Jewish Ethics Has Much to Say About Pandemics
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Jewish Ethics Has Much to Say About Pandemics

Emory professor outlines Jewish principles for making health care decisions during critical times.

Jonathan Crane is a Reform rabbi and a prominent member of the Center for Ethics at Emory University.
Jonathan Crane is a Reform rabbi and a prominent member of the Center for Ethics at Emory University.

Before there was a Centers for Disease Control and Prevention in Atlanta, before there was a U.S. Public Health Service in America and before there was the World Health Organization, Jews had the Torah and the Talmud to guide them through health crises.

That was the message that was discussed recently in an online program by Jonathan Crane, a Reform rabbi and nationally known scholar of medical ethics and Jewish thought at Emory University.

Crane, who is the founder and co-editor of The Journal of Jewish Ethics, believes that the centuries-old evolution of Jewish law has played an important role in how Jewish communities have responded to serious threats to health.

Among the most important of these ideas is the principle of b’tselem elohim, the notion that all mankind was created in the image of G-d. The principle expressed in the opening verses of the Book of Genesis had considerable influence in how Jews viewed health care during critical times.

“All this comes down to the notion that we have equal merit before God,” Crane said. “And this should also be a driving principle when making those heart-rendering decisions of triage and deciding who should get access to critical life sustaining materials in a clinical setting.”

In times of widespread illness, such as the bubonic plague that ravaged much of Europe for nearly 400 years between the 14th and 18th centuries, Jews looked to religious scholars to give them guidance based on sound ethical principles. According to Crane, decisions must be based on the facts of a particular situation.

“When we go about making your decisions, Judaism certainly champions factual thinking. And when we start thinking about vectors, about how did the disease arise in the first place, it is far better for us to start thinking about prevention. How do we prevent pandemics from arising in the first place?”

Judaism, when human lives are at stake, puts little credence on miracles.  The miraculous doesn’t find much acceptance in the writings of the great medieval Jewish philosopher and physician Maimonides or the guidance offered in Rabbi Joseph Caro’s guide to everyday Jewish living, the Shulchan Aruch.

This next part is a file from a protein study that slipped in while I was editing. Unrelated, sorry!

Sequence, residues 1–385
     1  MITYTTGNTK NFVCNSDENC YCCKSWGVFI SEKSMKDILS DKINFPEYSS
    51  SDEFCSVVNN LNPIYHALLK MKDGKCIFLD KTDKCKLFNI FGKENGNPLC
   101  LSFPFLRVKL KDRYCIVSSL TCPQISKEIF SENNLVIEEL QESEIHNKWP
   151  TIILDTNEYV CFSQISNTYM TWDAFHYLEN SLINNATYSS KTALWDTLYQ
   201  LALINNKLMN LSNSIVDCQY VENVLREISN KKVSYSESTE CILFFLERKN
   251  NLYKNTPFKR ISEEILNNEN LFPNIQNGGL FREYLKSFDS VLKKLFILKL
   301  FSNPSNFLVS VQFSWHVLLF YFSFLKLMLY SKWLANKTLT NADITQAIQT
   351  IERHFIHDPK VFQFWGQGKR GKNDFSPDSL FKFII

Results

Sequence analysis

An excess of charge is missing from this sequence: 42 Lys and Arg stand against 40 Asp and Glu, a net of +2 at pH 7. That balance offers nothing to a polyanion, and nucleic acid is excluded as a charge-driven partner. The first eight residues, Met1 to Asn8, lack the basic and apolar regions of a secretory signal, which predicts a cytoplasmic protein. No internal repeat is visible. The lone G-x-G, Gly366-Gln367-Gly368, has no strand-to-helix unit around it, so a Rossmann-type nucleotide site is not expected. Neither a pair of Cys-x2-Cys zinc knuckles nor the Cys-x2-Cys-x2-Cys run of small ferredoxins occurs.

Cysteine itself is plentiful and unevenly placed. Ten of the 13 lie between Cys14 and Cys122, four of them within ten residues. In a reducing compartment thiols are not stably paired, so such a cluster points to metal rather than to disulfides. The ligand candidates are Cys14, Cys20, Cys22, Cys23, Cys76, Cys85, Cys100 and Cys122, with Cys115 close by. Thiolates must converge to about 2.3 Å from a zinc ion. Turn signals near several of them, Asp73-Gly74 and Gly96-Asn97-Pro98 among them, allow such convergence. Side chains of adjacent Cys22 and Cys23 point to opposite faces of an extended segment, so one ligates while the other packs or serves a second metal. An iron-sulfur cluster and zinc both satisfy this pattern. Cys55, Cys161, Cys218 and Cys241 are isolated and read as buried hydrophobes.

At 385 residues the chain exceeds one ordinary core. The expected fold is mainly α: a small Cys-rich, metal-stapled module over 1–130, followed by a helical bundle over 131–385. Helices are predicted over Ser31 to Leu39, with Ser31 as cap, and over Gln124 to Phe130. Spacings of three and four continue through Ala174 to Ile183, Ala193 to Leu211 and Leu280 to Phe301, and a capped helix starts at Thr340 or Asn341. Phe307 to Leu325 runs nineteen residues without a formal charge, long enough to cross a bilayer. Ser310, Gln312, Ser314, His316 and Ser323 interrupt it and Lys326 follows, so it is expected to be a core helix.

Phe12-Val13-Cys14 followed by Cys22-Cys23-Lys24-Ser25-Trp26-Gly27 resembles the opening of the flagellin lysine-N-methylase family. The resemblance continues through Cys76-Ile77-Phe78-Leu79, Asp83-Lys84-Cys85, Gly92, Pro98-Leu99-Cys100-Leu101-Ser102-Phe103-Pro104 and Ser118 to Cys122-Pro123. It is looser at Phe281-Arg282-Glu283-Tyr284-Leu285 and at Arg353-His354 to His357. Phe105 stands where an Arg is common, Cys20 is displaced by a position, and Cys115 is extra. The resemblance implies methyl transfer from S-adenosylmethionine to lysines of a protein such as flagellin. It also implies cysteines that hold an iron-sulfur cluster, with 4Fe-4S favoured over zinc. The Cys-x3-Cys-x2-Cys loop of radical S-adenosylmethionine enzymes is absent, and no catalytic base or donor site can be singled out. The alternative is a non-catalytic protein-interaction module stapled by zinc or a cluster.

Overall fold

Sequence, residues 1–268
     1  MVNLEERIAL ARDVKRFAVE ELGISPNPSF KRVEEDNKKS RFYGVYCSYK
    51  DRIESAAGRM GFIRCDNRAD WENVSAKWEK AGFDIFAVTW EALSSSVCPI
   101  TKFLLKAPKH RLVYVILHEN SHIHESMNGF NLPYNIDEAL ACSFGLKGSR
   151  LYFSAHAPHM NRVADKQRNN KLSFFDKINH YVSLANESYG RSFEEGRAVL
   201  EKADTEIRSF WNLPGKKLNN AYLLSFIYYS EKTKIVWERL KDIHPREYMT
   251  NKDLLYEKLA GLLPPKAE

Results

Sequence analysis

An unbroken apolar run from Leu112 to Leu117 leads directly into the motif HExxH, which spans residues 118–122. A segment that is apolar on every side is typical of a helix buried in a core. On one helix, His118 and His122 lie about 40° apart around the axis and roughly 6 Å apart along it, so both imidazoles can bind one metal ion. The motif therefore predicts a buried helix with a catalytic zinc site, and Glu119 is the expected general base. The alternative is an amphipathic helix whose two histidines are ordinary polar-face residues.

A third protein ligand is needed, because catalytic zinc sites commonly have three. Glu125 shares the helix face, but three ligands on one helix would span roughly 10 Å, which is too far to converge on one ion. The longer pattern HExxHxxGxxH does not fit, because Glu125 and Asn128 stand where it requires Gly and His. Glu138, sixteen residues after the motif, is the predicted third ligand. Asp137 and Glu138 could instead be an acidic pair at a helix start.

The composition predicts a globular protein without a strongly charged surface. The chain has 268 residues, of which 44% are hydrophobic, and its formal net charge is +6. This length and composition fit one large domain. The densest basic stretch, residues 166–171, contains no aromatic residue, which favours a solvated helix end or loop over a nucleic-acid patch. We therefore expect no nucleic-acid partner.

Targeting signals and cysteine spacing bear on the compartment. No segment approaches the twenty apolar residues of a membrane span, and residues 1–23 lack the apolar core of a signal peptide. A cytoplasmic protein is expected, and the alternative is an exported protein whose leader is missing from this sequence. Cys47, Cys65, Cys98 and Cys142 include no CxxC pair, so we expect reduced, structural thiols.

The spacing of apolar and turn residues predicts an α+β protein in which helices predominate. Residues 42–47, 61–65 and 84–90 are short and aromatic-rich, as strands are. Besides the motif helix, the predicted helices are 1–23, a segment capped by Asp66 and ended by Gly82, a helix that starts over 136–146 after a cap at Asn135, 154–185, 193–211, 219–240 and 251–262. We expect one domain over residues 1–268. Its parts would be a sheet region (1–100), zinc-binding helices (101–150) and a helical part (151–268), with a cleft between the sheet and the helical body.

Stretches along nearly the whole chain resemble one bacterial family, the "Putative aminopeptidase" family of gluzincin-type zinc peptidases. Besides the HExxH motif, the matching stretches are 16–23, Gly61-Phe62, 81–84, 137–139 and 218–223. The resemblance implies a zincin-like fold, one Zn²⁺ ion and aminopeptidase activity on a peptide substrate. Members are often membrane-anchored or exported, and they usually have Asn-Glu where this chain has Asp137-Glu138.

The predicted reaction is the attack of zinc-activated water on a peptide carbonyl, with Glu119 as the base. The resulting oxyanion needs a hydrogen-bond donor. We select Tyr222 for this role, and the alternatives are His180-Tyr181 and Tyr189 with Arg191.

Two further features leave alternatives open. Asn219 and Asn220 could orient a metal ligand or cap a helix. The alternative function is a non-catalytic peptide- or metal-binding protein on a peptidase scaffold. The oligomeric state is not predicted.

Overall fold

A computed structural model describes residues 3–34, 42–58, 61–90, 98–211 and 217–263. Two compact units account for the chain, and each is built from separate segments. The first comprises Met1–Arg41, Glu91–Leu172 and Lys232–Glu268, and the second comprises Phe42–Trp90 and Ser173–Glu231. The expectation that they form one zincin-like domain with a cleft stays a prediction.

Nicolas Poussin’s painting in 1630 of “The Plague of Ashdod” is based on the biblical epidemic that afflicted the Philistines after they captured the Ark of the Covenant.

As Crane points out, how be behave is what really makes a difference. “It’s far better to pay attention to the actual behaviors of what will save lives, like taking care of the dead bodies and getting them quickly buried so that they don’t continue to infect the community. It is far better, according to these texts, not to believe in magical thinking, but to engage in factual thinking in order to ground and inform the decisions that you need to make when facing a pandemic.”

Despite the explicit precautions of Jewish religious law, knowledgeable observers have expressed disappointment with the behavior of some ultra-Orthodox communities who have grown up with a thorough grounding in Talmudic principles.

In places such as Bnei Brak outside Tel Aviv, which has a large observant population, the police and the Israeli army had to be called out in April to enforce a quarantine and restrictions on travel.

Despite the teachings of Jewish law, large crowds such as this one in Brooklyn have gathered for funerals.

That same month there were news reports of 2,500 mourners attending a funeral in Brooklyn of a revered chasidic rabbi.  The crowd assembled in defiance of New York City health regulations. According to Crane, the adherence to Jewish law by some religiously observant communities in this pandemic has been a complicated issue.

“There are some Jewish communities that defer to rabbinic leaders as their authority figures and oftentimes, by default, on a variety of bioethics issues.  Unfortunately, some of those rabbinic figures are undereducated when it comes to medicine.”

Nonetheless the coronavirus pandemic during the last several months has produced a widespread interest in Jewish law and Jewish legal arguments.

It’s been an exciting time for authorities such as David Berger, a historian and dean of the graduate school of Jewish Studies at Yeshiva University, according to a recent article by the Jewish Telegraphic Agency news service.

“I don’t think there’s ever been anything like this because of the proliferation of questions and because of the extraordinary means of communications,” Berger told JTA.

Just last month the Conservative movement overwhelmingly approved a decision written by Atlanta Rabbi Joshua Heller of Congregation B’nai Torah that legalized the use of electronic devices for worship services on Shabbat.

Rabbi Elliot Dorff, who co-chairs the Conservative movement’s committee on Jewish law, said of the acceptance of change during the pandemic, “it’s like night and day.”

He said, “Once this is all over, this is going to be a really interesting case study of how halachah evolves quickly when it needs to.”

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